Lilly Anderson, Author
Denouncing pleasure and praising pain was born and I will give you a complete all account of the system, and expound the actual teachings.
Hospitality and tourism industry in India is expected to rise from Rs.15.24 lakh crore (US$ 234.03 billion) in 2017 to Rs.32.05 lakh crore (US$ 492.21 billion) by 2028.
Implementation of GST has helped the sector by reducing costs for customers, harmonizing taxes,and reducing business transaction costs, but has its own set of challenges.
In this article, we will look at the effects of the GST on the hospitality and tourism industry.
The hospitality industry, like every other sector in the Indian economy, was liable to pay multiple taxes (VAT, luxury tax, and service tax) under the previous VAT regime. A hotel where the room tariff exceeded Rs.1,000, was liable for service tax at 15%.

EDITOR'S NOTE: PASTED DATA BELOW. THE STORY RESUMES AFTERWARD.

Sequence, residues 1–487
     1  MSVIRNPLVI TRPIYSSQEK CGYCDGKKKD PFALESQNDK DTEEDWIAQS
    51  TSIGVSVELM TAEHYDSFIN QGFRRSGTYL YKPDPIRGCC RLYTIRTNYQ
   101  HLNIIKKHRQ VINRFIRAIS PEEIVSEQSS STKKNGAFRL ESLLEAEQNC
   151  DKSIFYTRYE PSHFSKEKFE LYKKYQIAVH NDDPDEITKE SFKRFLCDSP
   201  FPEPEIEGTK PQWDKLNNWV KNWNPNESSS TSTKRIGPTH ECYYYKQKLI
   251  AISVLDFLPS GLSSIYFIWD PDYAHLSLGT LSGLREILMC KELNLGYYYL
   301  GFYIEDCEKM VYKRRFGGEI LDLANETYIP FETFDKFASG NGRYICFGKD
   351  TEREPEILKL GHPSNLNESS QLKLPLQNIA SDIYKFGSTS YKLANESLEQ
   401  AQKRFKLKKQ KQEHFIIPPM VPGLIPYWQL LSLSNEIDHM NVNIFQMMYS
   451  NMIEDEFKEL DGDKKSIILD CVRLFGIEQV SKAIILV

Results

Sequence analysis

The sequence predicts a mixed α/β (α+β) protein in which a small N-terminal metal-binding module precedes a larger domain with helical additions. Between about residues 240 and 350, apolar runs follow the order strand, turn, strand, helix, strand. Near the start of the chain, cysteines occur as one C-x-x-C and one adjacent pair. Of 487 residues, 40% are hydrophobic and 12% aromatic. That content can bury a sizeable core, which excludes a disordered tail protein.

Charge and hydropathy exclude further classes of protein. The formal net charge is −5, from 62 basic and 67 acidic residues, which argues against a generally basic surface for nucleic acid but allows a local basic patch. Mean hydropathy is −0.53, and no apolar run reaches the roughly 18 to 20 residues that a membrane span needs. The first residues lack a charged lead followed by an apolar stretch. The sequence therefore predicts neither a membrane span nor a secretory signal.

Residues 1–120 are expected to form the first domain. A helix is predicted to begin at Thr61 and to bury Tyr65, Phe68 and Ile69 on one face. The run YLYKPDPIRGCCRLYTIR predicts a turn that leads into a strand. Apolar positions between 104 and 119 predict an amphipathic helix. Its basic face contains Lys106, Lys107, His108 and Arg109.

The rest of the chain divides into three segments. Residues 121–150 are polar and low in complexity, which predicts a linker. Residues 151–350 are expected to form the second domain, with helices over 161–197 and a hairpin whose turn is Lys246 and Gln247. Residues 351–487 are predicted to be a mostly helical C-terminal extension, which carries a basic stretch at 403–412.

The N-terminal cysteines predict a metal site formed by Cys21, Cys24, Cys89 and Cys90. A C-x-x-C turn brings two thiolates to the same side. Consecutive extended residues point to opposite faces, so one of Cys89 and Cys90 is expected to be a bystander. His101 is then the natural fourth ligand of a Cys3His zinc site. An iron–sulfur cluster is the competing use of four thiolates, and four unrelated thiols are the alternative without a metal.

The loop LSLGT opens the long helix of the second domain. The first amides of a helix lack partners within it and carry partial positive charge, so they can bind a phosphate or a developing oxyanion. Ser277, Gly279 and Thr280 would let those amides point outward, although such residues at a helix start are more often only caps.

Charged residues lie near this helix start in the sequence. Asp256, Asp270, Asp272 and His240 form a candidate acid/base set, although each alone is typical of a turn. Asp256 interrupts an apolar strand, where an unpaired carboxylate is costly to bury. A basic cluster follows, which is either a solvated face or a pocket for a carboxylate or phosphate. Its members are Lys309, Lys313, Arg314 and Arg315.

An abatement of 40% was allowed on the tariff value, thus bringing the effective rate of service tax down to 9%. The Value Added Tax (ranging between 12% to 14.5%) and luxury tax, would apply on top of this.
However, for restaurants, there was 60% abatement which meant that the service tax was charged at an effective rate of 6% on the F&B bills, apart from VAT (12% to 14.5%). Bills for bundled services like social functions (seminars, marriage etc.), were taxed with an abatement of 30%.
The hospitality industry stands to benefit from the Goods and Service Tax because of the harmonized and uniform tax rates, as well as the easy and improved utilization of input tax credit. The sector is attracting more international travelers than ever before as the ultimate cost to the end consumer drops.